Fox Chapel was one of Raynor’s final projects before he died in 1926. Hurwitz studied Raynor’s work and Fox Chapel’s history in case the club wanted to return to its Raynor roots. More than a decade later, a formal restoration movement emerged within the club, resulting in Hurwitz spending time with a familiar architect. Marzolf led the anticipated restoration for Fazio Design and he temporarily moved to western Pennsylvania last spring and summer to oversee the project.

The club asked Marzolf to begin concocting a master plan for bunker improvements in 2014. The plan expanded into restoring audacious Raynor features such as the “Lion’s Mouth” bunker protecting the punchbowl-style ninth green and 10 fairway bunkers impacting tee-shot strategy on No. 16.

“Jason had researched a lot of this history already and he helped educate and teach me about the course,” Marzolf says “He would pull out the photos and say, ‘Hey, look at this, look at the way it was, look at what we could have here.’ Jason and I basically did this design together. He deserves a lot of the credit for this golf course, because he studied it, researched it and had a lot of this stuff figured out. He embraced this idea.”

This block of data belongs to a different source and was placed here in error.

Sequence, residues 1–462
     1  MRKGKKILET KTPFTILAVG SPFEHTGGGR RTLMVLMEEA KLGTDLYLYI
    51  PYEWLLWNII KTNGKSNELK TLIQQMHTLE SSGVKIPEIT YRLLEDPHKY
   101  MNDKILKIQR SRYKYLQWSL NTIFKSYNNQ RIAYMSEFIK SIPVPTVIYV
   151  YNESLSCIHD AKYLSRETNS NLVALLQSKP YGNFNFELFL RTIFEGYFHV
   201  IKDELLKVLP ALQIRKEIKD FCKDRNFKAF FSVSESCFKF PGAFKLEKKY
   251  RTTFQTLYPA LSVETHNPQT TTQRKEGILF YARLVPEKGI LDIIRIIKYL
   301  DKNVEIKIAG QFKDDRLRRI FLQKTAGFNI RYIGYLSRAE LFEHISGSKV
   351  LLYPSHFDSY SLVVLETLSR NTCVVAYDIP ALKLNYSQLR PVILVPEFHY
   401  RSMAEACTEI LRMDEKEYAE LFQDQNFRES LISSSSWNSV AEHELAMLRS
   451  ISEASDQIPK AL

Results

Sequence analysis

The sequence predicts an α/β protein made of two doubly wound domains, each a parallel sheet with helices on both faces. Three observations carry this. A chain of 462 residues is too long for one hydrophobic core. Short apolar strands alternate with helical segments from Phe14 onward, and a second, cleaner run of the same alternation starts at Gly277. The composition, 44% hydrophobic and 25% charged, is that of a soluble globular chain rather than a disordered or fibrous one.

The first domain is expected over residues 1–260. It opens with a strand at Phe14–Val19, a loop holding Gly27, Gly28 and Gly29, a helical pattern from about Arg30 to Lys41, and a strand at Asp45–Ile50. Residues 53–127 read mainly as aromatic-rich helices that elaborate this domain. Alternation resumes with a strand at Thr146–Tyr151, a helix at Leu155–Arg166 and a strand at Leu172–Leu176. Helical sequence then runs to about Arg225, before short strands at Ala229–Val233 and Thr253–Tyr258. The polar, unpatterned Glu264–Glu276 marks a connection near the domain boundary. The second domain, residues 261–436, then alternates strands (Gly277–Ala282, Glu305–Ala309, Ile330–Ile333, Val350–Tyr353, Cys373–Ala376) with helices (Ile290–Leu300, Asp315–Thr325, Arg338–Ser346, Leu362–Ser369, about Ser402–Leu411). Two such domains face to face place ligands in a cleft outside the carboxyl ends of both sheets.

Marzolf received inspiration for what he describes as a “rectangular” and “rigid” bunker style by studying Raynor’s work with C.B. Macdonald at Chicago Golf Club. Marzolf and Hurwitz collaborated on establishing the required fairway and mowing lines to solve the geometric riddle of restoring Raynor. Steep greenside bunkers dot the course, but their severity has been reduced thanks to constructive dialogue between Marzolf and Hurwitz. Prior to the restoration, many bunker faces had slopes approaching and even exceeding 35 degrees. Old photographs and modern maintenance realities influenced the decision to design bunkers with 25 to 28 degrees of slope, Marzolf says.

A desire to improve the functionality, aesthetics and playability of bunkers led to a renovation at Chartiers Country Club.
© steve Forrest